reentering the U.S. with a work visa and become an American citizen However, the American Vice-Consul in Vancouver held up her application, purportedly, because of her age. After several months and a firestorm of letters to the State Department
from influential friend and fellow academics and pointed questions to
President Hoover she was admitted back in with the desired visa.
Shortly after been readmitted she became an American citizen
For the next number of years, Ella lectured
at the University of California at Berkeley on Celtic Mythology
oftentimes dressed as a Druid in long flowing purple robes. Her lectured
were well attended sometimes drawing as many as 500 people from within
and without the university.
During her years in California, Ella
had journeyed to Toas and other destinations in New Mexico on a number of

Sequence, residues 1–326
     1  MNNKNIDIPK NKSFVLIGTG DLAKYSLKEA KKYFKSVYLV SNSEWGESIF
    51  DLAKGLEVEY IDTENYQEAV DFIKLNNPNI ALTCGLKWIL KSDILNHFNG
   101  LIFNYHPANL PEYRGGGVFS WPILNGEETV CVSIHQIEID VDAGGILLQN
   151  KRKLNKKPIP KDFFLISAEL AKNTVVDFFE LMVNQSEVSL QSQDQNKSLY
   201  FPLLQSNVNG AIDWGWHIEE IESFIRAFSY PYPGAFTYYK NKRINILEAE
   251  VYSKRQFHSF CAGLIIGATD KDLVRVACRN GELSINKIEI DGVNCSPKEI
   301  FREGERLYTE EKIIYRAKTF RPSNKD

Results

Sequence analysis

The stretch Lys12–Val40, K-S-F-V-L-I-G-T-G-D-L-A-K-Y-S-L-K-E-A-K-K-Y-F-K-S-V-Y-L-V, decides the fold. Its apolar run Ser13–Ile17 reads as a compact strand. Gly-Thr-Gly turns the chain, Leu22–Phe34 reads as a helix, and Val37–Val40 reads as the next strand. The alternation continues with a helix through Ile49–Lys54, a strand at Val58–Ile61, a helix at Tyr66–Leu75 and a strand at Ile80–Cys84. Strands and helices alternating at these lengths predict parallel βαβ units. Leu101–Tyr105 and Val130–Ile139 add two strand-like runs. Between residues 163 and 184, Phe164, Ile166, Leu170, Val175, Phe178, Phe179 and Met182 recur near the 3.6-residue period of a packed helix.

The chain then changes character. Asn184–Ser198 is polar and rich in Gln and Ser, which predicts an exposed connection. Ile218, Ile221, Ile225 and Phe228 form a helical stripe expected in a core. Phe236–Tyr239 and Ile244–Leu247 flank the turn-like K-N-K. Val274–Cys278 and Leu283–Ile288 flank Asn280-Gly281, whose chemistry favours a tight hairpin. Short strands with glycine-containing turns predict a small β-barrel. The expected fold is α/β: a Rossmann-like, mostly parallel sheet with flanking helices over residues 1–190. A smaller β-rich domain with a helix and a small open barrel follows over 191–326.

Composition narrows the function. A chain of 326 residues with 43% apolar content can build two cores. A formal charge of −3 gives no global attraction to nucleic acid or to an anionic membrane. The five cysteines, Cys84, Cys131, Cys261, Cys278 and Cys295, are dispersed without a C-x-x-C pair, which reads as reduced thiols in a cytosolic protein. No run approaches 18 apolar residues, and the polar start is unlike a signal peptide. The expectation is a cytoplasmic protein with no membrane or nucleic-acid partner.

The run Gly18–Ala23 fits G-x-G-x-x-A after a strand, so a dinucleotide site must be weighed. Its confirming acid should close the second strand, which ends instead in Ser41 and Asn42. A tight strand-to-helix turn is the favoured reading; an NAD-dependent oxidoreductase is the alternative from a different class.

occasions. It was there that she came to know and spend time
with renowned photographer Ansel Adams and his wife Virginia. She
a fellow traveler, Georgia O'Keefe and numerous other artists and writers who made Taos
After Ella retired in
the late 1930's she moved to Halcyon, a Theosophical commune near
Oceano, in northern California where she had spent some time shortly
after arriving in California. She bought a little cottage on an acre of
land close to the beach and the dunes she loved and revered. She
named the cottage "Cluan Ard" which, became a meeting place for her
many visitors as well as her eclectic circle friends, the Dunites, who
lived amongst the dunes.
It was there she completed her autobiography,
"Flowering Dusk: Things Remembered Accurately and Inaccurately" in two
volumes. Volume I dealt with her life in Ireland and Volume II, with her